In South Korea, the one-dose varicella vaccine was added to the National Immunization Program for children aged 12–15 months in 2005, and vaccination coverage reached more than 95%. The effect of varicella vaccine on varicella and herpes zoster (HZ) was studied while taking demographic changes into consideration. We used the National Health Information Database to compute the crude and age-sex standardized incidence rates (IRs) and age-specific IRs of varicella and HZ from 2003 to 2015. The yearly incidence rate ratios (IRRs) were computed using a negative binomial regression analysis that took age and gender into account. The crude varicella IR fell by 67 percent, from 5.70/1000 to 1.87/1000 person years, while the adjusted IRs fell significantly only from 2010 to 2015. The biggest reduction was seen in children aged 4 years, but the IR rose until 2011 and subsequently declined in children aged 5–9 years, who had the highest incidence age group in 2013–2015. The crude HZ IR rose from 2.67/1000 to 9.80/1000 person years, and the adjusted IR followed suit. Before and after universal immunization, a similar rising tendency was found.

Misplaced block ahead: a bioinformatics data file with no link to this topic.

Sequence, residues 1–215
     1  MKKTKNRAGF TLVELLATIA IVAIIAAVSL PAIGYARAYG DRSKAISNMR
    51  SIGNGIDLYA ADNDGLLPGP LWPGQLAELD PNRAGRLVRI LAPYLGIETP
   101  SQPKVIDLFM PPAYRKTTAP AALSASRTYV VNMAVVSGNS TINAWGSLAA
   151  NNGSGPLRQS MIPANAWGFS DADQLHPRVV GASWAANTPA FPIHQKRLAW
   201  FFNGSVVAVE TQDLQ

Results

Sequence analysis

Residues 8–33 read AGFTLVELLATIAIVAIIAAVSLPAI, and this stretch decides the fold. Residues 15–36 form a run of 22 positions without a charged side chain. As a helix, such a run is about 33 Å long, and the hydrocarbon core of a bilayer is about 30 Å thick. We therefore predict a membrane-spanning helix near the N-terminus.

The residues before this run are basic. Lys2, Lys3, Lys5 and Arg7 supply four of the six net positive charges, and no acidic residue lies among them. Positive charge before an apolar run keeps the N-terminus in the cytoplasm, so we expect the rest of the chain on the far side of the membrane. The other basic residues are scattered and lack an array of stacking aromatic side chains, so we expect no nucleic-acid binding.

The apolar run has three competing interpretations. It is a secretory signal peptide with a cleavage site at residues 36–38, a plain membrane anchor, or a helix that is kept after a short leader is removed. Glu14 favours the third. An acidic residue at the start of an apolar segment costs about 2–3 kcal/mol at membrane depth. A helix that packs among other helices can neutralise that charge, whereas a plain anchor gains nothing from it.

Although one-dose varicella vaccine was somewhat successful in preventing varicella, it was insufficient to stop varicella transmission in children. Furthermore, the incidence of HZ has grown substantially during the last decade. The present varicella-zoster immunization approach should be reviewed.